You can watch a video interview with Chris here.
Could you tell us a bit about ‘ogee’?
‘ogee’ was written in the first of two years I had as Mozart Fellow at the University of Otago – in 2008. I had the time and absence of financial pressure as Mozart Fellow to compose large, uncommissioned works for speculative opportunities. At the time (it has since been discontinued) the composition competition attached to the Queen Elisabeth Competition in Belgium seemed a great thing to pursue and the 2008 edition asked for a violin concerto. So ogee was designed for the instrumentation and duration specified by that competition. Further to that, I was taking into account that the violinists in the final would have limited time to learn the winning work, so I figured that I should tailor the solo part to that practical constraint. I was also second-guessing the kind of style or approach that might be successful in the competition – possibly this would be less edgy than the music I would have ideally liked to have written at this time. This was clearly an artistic compromise, but one not limited to writing for a competition – it exists in all kinds of commissioned scenarios as well.
The piece emerged as the most, for want of a better word, classical music I’ve ever written. There’s a contrasting interplay of what are essentially first and second subjects (jagged and fast versus sighing and stretched), old fashioned motivic development, orchestral interjections, an easily detected rotation of ideas, a cadenza and coda. It works well enough without composer or medium laying down any particular challenges. There were years-long gaps between initial composition (2008), the NZSO/Justine Cormack recording (2015) and finally hearing that recording (2019). It’s really interesting to me how my opinion of the piece has changed over that time. I was perhaps a little disappointed by the compromises made when I sent it off to Belgium, then must have revisited it and decided it deserved being heard when I submitted it for the Composer Sessions. Then elated to hear Justine and the orchestra perform it so well. Then intervening regression to that place of dismissiveness and doubt and, finally, on hearing the recording, contentment and reconciliation. This journey probably says a lot about the gnawing doubts and questions composers have: is my music relevant? – is it mindful of zeitgeist (whatever that is)? – does it honour the artform? I know composers who have ended their relationships with certain pieces of theirs that haven’t answered these questions adequately, removing them from official oeuvre listings; I hold on to mine out of a (misguided?) sense of archival duty and because my overall output is so meagre.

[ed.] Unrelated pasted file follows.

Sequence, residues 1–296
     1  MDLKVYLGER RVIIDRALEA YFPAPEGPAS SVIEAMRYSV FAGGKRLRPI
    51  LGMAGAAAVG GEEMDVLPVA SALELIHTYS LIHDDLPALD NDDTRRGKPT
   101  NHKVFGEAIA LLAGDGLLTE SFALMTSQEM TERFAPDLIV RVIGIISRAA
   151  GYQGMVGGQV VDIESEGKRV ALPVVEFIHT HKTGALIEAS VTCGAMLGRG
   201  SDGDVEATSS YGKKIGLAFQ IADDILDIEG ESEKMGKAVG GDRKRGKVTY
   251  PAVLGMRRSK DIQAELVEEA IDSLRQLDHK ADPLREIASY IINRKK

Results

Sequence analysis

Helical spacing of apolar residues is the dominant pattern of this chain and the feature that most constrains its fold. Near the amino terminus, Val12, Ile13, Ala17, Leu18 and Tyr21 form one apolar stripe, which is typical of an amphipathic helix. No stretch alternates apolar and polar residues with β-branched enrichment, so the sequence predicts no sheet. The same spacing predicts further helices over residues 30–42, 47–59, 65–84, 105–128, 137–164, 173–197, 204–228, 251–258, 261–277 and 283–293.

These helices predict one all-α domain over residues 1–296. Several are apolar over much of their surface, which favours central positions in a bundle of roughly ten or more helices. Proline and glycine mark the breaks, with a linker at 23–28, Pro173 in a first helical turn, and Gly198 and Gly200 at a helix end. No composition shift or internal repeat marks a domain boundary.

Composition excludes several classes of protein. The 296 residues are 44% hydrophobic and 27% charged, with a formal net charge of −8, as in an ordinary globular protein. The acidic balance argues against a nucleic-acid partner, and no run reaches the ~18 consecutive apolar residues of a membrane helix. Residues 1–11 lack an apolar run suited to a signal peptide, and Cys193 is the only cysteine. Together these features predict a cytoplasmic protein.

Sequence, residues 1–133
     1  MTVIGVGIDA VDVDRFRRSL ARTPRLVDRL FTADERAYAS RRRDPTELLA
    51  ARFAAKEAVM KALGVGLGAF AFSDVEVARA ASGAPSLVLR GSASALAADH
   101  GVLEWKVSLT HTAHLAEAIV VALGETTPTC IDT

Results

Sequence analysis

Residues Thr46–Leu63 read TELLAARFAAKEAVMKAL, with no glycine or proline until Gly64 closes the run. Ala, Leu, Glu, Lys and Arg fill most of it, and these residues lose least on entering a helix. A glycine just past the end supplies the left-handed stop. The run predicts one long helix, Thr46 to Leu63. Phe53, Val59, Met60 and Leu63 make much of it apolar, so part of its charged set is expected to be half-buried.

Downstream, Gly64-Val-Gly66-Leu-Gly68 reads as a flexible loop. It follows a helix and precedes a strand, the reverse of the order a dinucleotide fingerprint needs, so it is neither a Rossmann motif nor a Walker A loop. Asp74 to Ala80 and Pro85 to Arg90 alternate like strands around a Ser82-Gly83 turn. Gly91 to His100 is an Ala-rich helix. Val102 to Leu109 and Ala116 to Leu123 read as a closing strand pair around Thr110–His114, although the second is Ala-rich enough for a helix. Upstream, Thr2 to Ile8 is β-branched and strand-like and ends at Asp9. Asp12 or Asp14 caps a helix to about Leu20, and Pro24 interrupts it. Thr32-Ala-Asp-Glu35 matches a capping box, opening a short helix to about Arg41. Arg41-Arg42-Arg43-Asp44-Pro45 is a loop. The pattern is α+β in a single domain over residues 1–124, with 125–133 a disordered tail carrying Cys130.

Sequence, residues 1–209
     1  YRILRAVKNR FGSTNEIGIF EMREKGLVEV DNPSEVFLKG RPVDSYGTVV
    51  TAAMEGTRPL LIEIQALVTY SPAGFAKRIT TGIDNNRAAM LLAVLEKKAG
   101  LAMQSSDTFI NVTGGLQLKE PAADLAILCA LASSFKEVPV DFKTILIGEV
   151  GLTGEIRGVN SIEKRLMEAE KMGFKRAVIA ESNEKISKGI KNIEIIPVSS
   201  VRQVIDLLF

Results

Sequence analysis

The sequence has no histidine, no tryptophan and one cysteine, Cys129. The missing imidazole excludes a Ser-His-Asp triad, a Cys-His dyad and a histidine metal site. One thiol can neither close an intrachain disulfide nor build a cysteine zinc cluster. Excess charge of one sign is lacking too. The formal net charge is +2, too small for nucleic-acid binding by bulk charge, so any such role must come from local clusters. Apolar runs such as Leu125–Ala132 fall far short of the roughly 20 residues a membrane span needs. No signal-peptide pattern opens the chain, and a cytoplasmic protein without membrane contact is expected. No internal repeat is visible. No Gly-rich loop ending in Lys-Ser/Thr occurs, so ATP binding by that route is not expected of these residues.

And then the piece becomes a SOUNZ Contemporary finalist and I’m confronted by the possibility that others have found it musically worthy. Added to this the nature of the works of Michael and Chris: violin concerti of such adventure and integrity. I’m left humbled and confused!